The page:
There is an inescapable nostalgia factor attached to Disney Theatrical Productions, and it was on full display at the Pantages in Los Angeles last night as the national tour of Aladdin opened to a very receptive crowd. For the most part, this stage adaptation of the 1992 film, which debuted on Broadway in 2014 and still runs there today, delivers exactly what you expect from it. The brightly colored, exuberant spectacle is designed to be perfectly family friendly while dropping in enough punny jokes to keep the adults in the audience amused. Any shortcomings are easily forgotten by the time you arrive home, surely still singing “A Whole New World” and “Friend Like Me” to yourself.
Aladdin tells the story of its titular character (Adam Jacobs), a scrappy young man who lives on the streets of the Middle-Eastern city of Agrabah, surviving by pulling off sloppy cons to steal food. Manipulated by Jafar (Jonathan Weir), the Sultan’s power-hungry Grand Vizier, into stealing a magic lamp from a cave, Aladdin finds himself master of a Genie (Michael James Scott), with three wishes at his disposal. Enchanted by a chance meeting with Princess Jasmine (Isabelle McCalla), a free spirit who resents the expectations and rules that come with being a royal, Aladdin uses his first wish to transform himself into a prince better suited to win her heart.
The story definitely feels outdated in terms of cultural sensitivity, but this cloud has hung over Aladdin as long as it has existed. As the Genie introduces the setting in the opening number, he makes a point of reminding the audience that Agrabah is a fictional city, which helps evade criticisms specific to any one Middle-Eastern culture. In 1993, some offensive lyrics in “Arabian Nights” were altered, and the anglicization of the main characters has long been a source of ire, despite the movie being the first Disney film to feature non-white protagonists. The original Broadway production disappointed some by not casting actors of Middle-Eastern heritage, and the upcoming live-action remake is currently under fire for darkening actors’ skin with makeup and adding a new white character.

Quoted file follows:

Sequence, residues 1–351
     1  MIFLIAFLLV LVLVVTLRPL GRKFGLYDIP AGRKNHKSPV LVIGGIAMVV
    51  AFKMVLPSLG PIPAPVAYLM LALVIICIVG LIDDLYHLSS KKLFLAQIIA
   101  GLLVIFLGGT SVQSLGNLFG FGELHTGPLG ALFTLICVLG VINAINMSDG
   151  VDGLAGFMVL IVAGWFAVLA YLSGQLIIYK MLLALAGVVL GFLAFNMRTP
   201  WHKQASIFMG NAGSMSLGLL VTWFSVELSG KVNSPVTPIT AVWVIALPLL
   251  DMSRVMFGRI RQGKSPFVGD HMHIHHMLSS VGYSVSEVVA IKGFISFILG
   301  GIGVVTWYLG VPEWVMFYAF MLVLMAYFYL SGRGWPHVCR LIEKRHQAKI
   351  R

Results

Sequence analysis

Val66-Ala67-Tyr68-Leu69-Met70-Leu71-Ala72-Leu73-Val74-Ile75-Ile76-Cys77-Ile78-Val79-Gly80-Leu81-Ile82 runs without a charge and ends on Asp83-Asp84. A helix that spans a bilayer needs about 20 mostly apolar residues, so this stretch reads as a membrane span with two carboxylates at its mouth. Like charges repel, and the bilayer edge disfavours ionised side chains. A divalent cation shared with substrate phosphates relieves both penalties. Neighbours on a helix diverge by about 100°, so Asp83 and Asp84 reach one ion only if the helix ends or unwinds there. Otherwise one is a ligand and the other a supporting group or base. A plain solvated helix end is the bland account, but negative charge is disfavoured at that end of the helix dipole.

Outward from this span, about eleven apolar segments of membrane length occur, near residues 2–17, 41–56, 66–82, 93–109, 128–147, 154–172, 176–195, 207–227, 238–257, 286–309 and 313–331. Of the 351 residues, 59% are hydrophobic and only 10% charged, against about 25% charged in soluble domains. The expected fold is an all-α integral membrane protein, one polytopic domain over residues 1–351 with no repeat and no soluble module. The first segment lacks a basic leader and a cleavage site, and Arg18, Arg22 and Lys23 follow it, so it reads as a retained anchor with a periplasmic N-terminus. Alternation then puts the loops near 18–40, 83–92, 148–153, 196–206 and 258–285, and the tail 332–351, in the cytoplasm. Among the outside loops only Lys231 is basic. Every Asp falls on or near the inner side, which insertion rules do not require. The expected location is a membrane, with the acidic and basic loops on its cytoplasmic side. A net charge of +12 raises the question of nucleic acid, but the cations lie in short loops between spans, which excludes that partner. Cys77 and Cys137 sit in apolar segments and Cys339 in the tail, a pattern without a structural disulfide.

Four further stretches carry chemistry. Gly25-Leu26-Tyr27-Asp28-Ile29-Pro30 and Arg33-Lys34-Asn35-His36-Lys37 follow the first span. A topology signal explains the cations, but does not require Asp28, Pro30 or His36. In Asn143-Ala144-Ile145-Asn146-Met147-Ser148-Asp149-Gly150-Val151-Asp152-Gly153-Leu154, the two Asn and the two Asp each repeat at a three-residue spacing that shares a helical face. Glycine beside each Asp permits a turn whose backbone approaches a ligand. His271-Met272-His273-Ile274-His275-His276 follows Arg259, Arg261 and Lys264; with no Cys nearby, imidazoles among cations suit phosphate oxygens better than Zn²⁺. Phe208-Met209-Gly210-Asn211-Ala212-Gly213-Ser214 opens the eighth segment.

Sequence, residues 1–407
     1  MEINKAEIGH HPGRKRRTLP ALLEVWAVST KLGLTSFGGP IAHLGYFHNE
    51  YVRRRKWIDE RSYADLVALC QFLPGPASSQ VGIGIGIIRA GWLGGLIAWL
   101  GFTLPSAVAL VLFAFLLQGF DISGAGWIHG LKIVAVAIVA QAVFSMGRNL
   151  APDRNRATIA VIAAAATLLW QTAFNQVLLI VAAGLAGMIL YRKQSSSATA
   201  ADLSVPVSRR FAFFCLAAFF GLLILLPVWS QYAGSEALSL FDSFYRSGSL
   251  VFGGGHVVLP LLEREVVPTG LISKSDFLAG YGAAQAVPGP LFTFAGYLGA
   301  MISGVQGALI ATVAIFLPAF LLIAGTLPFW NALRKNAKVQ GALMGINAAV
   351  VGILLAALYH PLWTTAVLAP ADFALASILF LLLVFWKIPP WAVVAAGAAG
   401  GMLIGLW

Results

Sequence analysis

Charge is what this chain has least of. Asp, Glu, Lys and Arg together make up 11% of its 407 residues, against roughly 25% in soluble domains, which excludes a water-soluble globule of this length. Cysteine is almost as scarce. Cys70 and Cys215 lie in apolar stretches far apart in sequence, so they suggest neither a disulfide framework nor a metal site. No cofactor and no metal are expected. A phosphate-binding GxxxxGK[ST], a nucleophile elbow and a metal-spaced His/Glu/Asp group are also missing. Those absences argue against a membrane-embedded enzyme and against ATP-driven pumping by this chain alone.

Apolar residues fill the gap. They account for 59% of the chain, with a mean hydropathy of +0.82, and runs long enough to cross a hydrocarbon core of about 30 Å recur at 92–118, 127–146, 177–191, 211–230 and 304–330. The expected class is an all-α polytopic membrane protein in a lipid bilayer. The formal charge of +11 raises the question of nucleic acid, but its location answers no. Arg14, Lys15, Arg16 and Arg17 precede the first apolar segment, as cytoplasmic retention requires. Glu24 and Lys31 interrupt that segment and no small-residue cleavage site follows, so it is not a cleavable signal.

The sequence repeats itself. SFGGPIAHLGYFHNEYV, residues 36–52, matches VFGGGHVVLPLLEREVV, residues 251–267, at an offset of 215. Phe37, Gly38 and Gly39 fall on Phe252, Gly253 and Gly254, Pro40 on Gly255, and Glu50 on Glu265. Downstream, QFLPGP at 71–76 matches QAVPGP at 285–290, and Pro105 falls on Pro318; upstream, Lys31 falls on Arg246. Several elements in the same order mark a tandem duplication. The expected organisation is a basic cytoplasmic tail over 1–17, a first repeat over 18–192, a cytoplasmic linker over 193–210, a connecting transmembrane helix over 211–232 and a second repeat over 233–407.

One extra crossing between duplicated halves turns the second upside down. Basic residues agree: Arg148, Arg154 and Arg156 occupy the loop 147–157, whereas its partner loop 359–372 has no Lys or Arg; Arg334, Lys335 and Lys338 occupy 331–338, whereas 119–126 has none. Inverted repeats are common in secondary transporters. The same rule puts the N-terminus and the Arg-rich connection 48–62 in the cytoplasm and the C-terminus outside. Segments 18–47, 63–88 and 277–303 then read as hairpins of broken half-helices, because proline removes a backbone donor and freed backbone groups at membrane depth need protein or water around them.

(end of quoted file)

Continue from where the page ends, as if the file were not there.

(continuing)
The music (Alan Menken) is a combination of the beloved songs from the movie, a few that were cut from the movie and resurrected for the stage, and brand new material written for the stage (lyrics are by Tim Rice, Howard Ashman, and Howard Beguelin). As usual for a Disney musical, the newer material is less memorable than the classics, although there are a couple welcome additions. The costumes (Gregg Barnes) are gorgeous throughout, while the sets (Bob Crowley) are at first unimpressive and economical in scenes set in the Agrabah marketplace and palace. Once Aladdin arrives at the Cave of Wonders, however, that all changes. The audience applauded as the glitzy, flashy set, glimmering with gold from floor to ceiling, was revealed. This sets the scene for “Friend Like Me,” the show’s first pièce de résistance, which is spectacularly performed by Michael James Scott. The pop culture references are updated to include Dancing With the Stars jokes, and an “ain’t nobody got time for that” even works its way in.